In the past, kids often discussed their parents: "How much do you tell them?" "Do you lie to your parents?" "Do your parents always know where you are?" This discussions with their friends often helped kids decide how they should interact with their own parents. In today's social media obsessed world, the question has shifted to "Are you Facebook friends with your parents?"
According to a survey done this year by the Pew Internet and American Life Project in conjunction with Harvard University's Berkman Center for Internet and Society, 66 percent of parents with a child between ages 12 and 17 use social networking. 80 percent of parents who do use these sites and whose kids do as well have friended their kid.
Why Teens and Parents are Friends
Teens are infamous for their intense desire for privacy and individualism, so why on earth would this many agree to be friends with their parents? Some want to have better communication with their parents, according to a survey done by Kaplan Test Prep about Facebook use by high school juniors and seniors. But for 16 percent of respondents to that survey, they friended their parents only because it was a requirement for them to have a page.
This is more common with new teen social media users. According to an article in the Seattle Times, Tamyra Pierce, a professor of mass communications at California State University in Fresno, said that it is more common for younger teens on the site to be friends with their parents, which makes sense. She also said many teens have a second Facebook page that they use for their parents.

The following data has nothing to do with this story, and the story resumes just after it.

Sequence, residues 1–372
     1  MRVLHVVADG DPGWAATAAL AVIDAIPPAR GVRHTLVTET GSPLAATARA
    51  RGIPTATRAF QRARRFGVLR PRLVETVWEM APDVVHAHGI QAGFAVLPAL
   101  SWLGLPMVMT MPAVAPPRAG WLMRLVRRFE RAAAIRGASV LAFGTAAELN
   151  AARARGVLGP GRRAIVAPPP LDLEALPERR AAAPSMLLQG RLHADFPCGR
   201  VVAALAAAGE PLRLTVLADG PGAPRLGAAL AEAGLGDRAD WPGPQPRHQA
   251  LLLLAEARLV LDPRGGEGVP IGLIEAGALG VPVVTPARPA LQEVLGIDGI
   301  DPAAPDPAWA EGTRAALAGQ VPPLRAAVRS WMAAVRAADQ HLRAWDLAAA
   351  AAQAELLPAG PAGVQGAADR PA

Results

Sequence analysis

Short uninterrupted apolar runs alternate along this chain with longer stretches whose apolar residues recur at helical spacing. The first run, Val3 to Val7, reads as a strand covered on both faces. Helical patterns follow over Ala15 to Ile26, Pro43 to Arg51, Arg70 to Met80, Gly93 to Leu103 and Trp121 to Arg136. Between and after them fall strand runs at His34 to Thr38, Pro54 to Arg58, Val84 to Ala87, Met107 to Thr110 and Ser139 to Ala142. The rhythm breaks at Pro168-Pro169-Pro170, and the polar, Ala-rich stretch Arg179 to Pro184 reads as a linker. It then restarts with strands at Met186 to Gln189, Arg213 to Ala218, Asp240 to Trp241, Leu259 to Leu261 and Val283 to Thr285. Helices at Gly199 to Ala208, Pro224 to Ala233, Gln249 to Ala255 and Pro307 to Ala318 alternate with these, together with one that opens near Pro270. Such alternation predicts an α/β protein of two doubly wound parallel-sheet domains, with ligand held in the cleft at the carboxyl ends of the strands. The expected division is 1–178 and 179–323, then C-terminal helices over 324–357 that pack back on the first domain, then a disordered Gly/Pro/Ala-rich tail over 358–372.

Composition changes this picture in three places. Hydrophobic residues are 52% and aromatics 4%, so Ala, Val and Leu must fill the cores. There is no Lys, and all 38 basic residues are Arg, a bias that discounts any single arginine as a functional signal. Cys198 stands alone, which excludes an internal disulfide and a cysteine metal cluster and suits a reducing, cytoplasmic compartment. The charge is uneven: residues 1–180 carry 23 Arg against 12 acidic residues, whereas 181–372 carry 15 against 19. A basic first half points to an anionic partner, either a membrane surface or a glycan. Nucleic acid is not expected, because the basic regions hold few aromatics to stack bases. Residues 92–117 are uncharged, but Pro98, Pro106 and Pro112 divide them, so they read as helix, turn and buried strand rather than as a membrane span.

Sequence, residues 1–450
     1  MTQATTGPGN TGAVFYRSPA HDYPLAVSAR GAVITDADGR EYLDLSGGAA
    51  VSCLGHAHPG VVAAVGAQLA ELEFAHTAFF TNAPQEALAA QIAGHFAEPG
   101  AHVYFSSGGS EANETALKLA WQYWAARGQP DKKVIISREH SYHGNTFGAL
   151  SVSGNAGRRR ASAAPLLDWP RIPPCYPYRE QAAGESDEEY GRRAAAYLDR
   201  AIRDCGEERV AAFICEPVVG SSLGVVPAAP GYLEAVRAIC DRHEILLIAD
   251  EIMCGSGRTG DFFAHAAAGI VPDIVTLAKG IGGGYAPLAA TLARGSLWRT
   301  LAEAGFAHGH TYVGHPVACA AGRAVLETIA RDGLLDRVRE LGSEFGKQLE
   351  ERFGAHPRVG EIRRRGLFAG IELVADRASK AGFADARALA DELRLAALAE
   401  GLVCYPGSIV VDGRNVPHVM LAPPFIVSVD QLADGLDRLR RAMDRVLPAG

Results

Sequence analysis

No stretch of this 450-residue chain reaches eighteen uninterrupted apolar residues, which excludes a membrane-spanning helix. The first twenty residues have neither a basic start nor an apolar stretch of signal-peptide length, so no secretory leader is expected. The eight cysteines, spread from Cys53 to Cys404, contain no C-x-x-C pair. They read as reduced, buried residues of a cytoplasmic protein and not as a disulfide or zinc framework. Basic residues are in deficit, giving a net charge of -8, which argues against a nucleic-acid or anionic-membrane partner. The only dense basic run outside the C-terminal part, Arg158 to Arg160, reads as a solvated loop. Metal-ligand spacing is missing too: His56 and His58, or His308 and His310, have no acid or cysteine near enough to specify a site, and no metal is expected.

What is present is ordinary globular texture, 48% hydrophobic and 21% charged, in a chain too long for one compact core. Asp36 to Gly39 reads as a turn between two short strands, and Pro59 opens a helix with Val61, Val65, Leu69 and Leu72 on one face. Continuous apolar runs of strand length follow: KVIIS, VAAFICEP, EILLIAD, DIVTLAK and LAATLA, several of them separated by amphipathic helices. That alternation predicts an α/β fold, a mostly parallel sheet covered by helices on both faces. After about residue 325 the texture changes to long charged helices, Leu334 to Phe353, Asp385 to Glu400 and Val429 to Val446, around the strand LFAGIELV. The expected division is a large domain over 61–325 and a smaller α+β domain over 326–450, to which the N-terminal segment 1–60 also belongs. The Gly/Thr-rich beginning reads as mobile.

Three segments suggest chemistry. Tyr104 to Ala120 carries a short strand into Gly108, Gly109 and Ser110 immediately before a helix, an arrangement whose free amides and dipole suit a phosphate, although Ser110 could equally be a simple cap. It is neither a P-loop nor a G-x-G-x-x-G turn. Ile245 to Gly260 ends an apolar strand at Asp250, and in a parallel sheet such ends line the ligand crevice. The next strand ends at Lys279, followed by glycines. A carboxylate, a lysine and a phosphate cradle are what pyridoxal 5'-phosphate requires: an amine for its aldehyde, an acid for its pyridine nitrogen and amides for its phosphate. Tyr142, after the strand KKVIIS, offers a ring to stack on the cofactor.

Why Not Be Friends?
So honestly, what's the big deal? Why are some kids so resistant to befriending their parents online? Well, "Half of parents who use social media (and who also have teens who use the sites) say they have commented or responded directly to something that was posted to their child's profile or account," according to Pew. If frequent, this can get quite irritating and embarrassing, regardless of the content of the posts. And the embarrassment quotient doesn't only apply to teens; I am often squeamish to check my Facebook wall when I get a notice saying a parent or older relative posted on it.
Then the privacy factor comes into play. Because 59 percent of parents of kids with accounts have talked to them about something posted that concerned them, some kids become more reluctant to share with their parents. It can often feel like stalking, and it can be invasive. I had a similar experience when my younger brother was in high school. I was worried about something I saw on his wall, and when he wouldn't delete it I went to my parents, which infuriated him. Four years later he still refuses to be Facebook friends with me, my boyfriend, or my friends, though we're close in the real world.
What To Do?
The best case scenario is for both parents and children to be respectful to each other. It's okay to be friends with each other online, but most parents of teens should resist the urge to comment for their child's world to see. Make the comment in person. Also, if your parents shouldn't see it, don't post it. Finally, kids who are worried about what their parents might see on their page should reconsider having that content posted at all. In 2011, Kaplan surveyed college admissions officers, and 24 percent reported checking an applicant's Facebook page.